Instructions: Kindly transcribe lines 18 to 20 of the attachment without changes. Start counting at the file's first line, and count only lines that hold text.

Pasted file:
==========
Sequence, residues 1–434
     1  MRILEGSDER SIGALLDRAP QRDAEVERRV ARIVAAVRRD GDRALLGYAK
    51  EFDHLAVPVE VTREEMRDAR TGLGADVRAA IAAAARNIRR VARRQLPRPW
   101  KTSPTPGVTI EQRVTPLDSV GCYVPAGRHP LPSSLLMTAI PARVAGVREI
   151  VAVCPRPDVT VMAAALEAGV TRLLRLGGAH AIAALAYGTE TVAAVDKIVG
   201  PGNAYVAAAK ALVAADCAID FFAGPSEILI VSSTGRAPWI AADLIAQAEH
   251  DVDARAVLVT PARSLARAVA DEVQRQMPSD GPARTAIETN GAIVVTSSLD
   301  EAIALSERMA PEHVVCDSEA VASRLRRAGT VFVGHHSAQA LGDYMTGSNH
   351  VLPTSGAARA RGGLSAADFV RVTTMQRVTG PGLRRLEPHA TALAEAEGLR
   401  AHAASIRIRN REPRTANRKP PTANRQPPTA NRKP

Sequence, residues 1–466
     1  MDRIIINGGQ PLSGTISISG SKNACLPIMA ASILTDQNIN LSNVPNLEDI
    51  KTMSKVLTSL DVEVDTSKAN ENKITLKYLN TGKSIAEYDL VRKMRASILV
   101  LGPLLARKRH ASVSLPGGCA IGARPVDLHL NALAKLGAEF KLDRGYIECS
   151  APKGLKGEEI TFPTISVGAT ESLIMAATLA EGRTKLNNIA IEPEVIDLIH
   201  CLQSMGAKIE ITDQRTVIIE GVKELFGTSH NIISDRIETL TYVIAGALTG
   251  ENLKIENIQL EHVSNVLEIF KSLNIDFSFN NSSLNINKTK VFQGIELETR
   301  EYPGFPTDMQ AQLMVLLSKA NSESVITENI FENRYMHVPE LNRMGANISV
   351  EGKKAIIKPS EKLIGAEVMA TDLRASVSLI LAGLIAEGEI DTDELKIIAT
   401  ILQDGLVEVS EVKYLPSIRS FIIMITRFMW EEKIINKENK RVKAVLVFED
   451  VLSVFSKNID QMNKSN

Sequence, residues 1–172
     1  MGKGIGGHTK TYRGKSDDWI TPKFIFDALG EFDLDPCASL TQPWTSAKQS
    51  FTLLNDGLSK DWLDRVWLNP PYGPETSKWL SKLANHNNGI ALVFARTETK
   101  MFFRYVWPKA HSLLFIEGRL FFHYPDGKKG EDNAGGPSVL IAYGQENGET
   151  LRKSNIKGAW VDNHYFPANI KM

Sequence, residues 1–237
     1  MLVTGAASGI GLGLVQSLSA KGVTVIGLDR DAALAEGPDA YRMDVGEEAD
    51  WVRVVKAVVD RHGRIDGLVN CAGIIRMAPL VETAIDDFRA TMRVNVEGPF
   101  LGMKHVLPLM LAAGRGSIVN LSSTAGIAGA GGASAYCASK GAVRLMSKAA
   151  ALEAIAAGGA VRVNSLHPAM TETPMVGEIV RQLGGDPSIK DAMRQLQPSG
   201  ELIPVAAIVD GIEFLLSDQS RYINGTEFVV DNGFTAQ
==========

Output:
   301  EYPGFPTDMQ AQLMVLLSKA NSESVITENI FENRYMHVPE LNRMGANISV
   351  EGKKAIIKPS EKLIGAEVMA TDLRASVSLI LAGLIAEGEI DTDELKIIAT
   401  ILQDGLVEVS EVKYLPSIRS FIIMITRFMW EEKIINKENK RVKAVLVFED